Judging from the prevailing mood in financial markets, this was a good week. The Dow Industrial stock index continued its flirt with the 13,000 points mark. Economic data in the U.S. continued to look encouraging despite some cautionary words from the Chairman of the Federal Reserve (FED) Ben Bernanke. Overall, U.S. buoyancy and the launch of the second tranche of the European Central Bank’s (ECB) cheap loan program for banks largely offset bad economic data (particularly on unemployment) in Europe. Overall it was the bulls that carried the week.
However, widespread relief about brightening economic skies could be followed by a cold shower, particularly if politicians let their guard down now. Looking at Germany, this week already offered enough worrisome developments to chew on. It all started with the vote on the latest Greek rescue package in the German Bundestag on Monday, which offered both good and bad news. German lawmakers overwhelmingly endorsed the latest Greek bailout package of 130 billion euros. However, it is now clear that German Chancellor Merkel’s government majority is shrinking, and that resistance to the series of deals to rescue the euro is still growing. Seventeen lawmakers within the Chancellor’s coalition opposed the latest Greek package, and others failed to turn up to vote or abstained. Merkel had to rely on the main opposition parties to obtain an absolute majority of the votes necessary to carry the day convincingly. Tellingly, thanks to Germany, the week ends on a low note with a summit in Brussels that will fail to deliver on the only decision everybody is waiting for — strengthening Europe’s firewall. Merkel needs time to regroup and assess the political damage. German media have started painting the picture of a Chancellor suddenly weakened, both at home and abroad.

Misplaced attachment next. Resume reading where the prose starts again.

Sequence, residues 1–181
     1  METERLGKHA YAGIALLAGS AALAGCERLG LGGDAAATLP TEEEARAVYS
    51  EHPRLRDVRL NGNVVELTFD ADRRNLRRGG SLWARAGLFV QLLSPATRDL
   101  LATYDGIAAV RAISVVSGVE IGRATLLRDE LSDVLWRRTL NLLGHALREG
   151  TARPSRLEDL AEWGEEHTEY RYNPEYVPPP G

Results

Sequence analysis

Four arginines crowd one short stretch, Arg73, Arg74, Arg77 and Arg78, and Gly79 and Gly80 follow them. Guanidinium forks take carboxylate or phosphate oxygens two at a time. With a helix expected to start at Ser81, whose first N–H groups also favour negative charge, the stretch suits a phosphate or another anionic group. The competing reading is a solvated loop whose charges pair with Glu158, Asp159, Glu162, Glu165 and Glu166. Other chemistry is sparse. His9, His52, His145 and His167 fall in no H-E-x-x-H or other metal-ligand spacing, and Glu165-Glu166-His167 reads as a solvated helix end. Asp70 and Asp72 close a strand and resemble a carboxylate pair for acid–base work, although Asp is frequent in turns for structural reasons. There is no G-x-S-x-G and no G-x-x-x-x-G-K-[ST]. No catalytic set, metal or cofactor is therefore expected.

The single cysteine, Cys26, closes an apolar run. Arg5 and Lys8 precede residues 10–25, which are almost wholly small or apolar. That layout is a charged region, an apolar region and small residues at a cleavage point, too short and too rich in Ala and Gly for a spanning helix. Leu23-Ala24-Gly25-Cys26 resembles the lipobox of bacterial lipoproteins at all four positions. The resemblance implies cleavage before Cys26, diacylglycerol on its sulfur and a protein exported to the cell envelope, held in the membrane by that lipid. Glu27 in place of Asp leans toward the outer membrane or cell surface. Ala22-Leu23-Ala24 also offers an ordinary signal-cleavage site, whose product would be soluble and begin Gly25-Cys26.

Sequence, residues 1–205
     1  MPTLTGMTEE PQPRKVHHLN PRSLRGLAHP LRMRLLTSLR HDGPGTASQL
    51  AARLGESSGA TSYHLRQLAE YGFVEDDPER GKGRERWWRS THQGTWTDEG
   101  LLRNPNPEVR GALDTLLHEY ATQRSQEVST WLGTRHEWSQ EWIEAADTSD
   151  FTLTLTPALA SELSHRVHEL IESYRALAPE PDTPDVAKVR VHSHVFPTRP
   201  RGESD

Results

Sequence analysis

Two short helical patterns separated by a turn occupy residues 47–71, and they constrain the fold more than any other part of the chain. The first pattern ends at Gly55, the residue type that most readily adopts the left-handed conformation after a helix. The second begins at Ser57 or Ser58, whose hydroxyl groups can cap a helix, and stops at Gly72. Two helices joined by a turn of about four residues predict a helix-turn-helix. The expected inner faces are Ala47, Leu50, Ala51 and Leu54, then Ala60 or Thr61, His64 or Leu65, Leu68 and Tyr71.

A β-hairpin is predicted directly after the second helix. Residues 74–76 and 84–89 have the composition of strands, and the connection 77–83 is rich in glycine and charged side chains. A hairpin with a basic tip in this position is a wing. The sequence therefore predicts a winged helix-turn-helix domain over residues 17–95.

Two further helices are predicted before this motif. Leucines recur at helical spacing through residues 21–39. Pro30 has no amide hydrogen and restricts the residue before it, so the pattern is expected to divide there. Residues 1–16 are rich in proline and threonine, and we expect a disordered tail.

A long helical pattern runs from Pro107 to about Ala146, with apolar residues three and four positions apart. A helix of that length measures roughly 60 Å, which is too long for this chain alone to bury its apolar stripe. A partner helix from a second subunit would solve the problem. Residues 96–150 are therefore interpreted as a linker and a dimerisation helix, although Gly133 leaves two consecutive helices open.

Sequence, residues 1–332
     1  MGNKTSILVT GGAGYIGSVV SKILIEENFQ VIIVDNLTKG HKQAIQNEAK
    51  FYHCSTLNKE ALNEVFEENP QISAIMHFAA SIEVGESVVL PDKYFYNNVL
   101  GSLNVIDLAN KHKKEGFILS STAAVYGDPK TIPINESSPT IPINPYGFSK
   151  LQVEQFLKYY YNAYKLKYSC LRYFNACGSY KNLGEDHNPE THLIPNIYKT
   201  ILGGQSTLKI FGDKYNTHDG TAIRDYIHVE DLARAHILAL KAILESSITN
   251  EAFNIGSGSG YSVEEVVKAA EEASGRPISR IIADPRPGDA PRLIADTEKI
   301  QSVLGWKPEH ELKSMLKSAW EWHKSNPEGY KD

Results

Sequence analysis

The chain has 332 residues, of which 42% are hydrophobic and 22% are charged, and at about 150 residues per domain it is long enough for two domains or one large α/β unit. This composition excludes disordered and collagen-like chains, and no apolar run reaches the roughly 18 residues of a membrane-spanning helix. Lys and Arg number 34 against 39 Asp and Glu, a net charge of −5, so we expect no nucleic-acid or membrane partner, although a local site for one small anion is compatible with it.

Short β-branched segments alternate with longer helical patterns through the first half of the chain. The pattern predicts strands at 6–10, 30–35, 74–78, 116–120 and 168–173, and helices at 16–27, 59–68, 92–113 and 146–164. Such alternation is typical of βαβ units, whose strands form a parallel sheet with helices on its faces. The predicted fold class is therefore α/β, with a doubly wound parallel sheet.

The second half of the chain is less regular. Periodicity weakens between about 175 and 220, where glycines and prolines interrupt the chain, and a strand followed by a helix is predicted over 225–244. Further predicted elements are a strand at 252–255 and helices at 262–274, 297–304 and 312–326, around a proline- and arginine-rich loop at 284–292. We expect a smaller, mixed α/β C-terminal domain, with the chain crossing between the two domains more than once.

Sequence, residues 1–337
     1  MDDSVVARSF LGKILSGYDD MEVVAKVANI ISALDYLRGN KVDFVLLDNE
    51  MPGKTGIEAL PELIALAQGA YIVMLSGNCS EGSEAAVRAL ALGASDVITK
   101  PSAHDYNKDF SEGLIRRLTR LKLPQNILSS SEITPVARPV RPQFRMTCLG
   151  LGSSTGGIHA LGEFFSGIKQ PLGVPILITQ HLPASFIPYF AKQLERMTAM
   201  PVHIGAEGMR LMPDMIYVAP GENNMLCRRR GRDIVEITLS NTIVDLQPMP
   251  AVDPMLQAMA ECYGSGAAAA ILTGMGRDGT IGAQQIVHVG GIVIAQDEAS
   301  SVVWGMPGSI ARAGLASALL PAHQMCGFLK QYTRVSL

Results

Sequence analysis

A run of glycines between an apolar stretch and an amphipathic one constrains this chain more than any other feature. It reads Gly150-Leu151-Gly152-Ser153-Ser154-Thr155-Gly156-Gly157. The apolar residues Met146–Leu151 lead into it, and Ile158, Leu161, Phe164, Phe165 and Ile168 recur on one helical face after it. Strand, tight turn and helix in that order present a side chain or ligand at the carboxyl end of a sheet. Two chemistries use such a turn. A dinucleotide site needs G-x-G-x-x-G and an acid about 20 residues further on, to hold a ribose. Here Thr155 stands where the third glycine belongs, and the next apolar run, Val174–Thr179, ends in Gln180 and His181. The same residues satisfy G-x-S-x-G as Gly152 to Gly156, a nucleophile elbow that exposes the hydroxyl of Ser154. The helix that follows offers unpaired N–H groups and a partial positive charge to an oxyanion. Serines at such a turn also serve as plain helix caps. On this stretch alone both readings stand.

To be sure, for all those Europeans who insist that a bigger firewall is a crucial mechanism to halt this crisis, the delay was a setback. However, if there was disappointment in the capitals of the old continent, it did not show. Italian Prime minister Mario Monti confidently told Bloomberg News that he still expected an agreement by the end of the month. In a separate interview, the head of the Euro Group, Luxembourg’s Prime Minister Jean Claude Juncker, echoed Monti’s words. The French government chose to keep quiet. Europeans are still behaving as if they have received assurances from Merkel that she will agree to what, in Germany, is still a very controversial step. And crucially, financial markets have already priced in a larger firewall. All leading political actors involved in this delicate kabuki dance know that it would be unwise to disappoint investors now that they are just beginning to regain some level of confidence.
For those anxiously waiting for a German decision, it must have been heartening to read German papers on Thursday March 1st. Quoting unspecified government sources, the daily Sueddeutsche Zeitung reported that Merkel told her government allies that the discussion on a bigger firewall, specifically about folding the financial firepower of the temporary European Financial Stability Facility (EFSF) into the permanent European Stability Mechanism (ESM), can no longer be avoided.